I think it’s five Latino writers on the show, which is a world record for a network show, except for a telenovela on Univisión. I mean, this show also has that imprint from our stories that we tell. That’s what’s new and fresh about the show: it’s not just about U.S.- Mexico border stories, it’s also about demographic change, and from our side too, the brown side…It’s such an important show; it’s a big pop culture moment for Latinos because we’re invisible on TV.

Hank Azaria Compares His Character, Bud Buckwald, to Donald Trump

[Bud’s] slightly smarter, and slightly less cartoonish, but other than that they’re very similar.

Hank Azaria. Photo: The Hollywood Reporter

Hank Azaria. Photo: The Hollywood Reporter

Hank Azaria on The Show Pushing The Boundaries of P.C.

“Animation is just another medium when it comes to entertainment, where we need to see different faces and voices represented.”

I’m a huge All In The Family fan, and I always said that it could never get made now in this politically correct world. A cable outlet wouldn’t do it and a network would never do it, and this show is the closest I’ve seen to some modern version of that. Serious, serious racism on display as a comedic launching point.

Nicholas Gonzalez on Television’s Relationship with the Real World

Across the board in animation, whether it’s for child’s animation, or comics, or anything, people want to see themselves, and it’s what exists out in the world. It’s what we’re surrounded by, so what we see on TV isn’t the world we live in. I’m looking at this table [and] it doesn’t look like a lot of the shows that are on. Unless it’s a very deliberate attempt, and it’s United Colors of Benetton and then it feels almost crazy – you’ve got an Asian guy, and a black guy, and it’s almost a little too on the nose.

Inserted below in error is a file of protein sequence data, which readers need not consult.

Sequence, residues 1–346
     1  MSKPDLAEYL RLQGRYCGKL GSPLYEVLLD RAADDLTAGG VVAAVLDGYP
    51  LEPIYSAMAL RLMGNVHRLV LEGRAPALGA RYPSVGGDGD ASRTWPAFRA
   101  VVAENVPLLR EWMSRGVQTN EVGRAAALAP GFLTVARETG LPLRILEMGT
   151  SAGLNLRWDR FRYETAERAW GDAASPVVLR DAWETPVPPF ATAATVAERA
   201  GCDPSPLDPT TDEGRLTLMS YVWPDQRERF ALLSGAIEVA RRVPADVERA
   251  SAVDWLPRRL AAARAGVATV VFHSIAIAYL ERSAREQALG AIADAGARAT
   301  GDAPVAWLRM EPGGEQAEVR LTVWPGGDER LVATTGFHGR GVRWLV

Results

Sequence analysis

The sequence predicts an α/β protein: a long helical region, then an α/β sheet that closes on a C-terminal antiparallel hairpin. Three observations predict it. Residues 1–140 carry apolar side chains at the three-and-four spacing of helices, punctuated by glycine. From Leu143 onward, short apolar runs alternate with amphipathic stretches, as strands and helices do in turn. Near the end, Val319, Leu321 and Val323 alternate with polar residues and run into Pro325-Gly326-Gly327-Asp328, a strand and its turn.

But for especially a project like this…it’s very important and animation is just another medium when it comes to entertainment or information, where we need to see different faces and voices represented.

Nicholas Gonzalez

Nicholas Gonzalez

Mark Hentemann on Avoiding Hollywood’s Terrible Spanish Accents

“It’s neat to see a show that’s going to feature so many Mexican-American characters – it’s going to be a historic show in American television.”

I’m glad that Nick does the Ernesto part on Bordertown. Being on the ground floor, it’s really neat to see a show that’s going to feature so many Mexican and Mexican-American characters – it’s going to be a historic show in American television – and I’m happy that Nick can pronounce stuff in Spanish like a pro, like a native.

[Lalo Alcaraz responds] He’s from San Antonio, which is still part of Mexico. [laughs]

Alex Borstein on The Freedom of Voice Acting

You can play anything. I can be a hot piece of ass in one thing, I can be an old lady, I can be a little boy. I mean that’s the beauty, that’s the freedom of it, especially being a woman working in this industry it opens up so many other doors for me than on-screen, where there’s only so much I could do.

[Nicholas Gonzalez responds] And I can be three other Mexicans. [crowd laughs] It’s pretty limited.

Judah Friedlander

Judah Friedlander

Judah Friedlander on Comedy That Cuts Through Political Division

I like hard-hitting. I mean, I love all kinds of comedy, but I like when people go to places that are uncomfortable and most people don’t want to talk about. And to do it in a humorous way is really cool. Most shows don’t go anywhere in that direction… And it’s not preaching to the choir… I think no matter where you fall in the political spectrum, you’re going to like this show. People, whether they’re left or right, are still going to be laughing at it.

Bordertown premieres Sunday, January 3, 2016 at 9:30 p.m. on Fox.